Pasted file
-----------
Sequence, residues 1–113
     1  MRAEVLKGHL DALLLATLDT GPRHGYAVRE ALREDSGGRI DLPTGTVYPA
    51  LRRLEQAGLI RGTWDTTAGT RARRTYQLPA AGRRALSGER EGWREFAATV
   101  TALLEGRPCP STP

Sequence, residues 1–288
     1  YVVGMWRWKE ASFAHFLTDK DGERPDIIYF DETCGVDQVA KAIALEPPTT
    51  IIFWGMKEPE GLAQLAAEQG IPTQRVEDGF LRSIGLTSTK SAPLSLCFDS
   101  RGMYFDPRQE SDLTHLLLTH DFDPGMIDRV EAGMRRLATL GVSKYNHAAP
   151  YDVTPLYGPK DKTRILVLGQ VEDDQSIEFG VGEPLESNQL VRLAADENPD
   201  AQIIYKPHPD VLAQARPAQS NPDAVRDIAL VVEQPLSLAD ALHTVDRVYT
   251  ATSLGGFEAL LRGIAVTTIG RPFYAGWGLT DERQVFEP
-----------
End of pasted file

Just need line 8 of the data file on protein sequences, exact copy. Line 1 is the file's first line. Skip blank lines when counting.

   101  RGMYFDPRQE SDLTHLLLTH DFDPGMIDRV EAGMRRLATL GVSKYNHAAP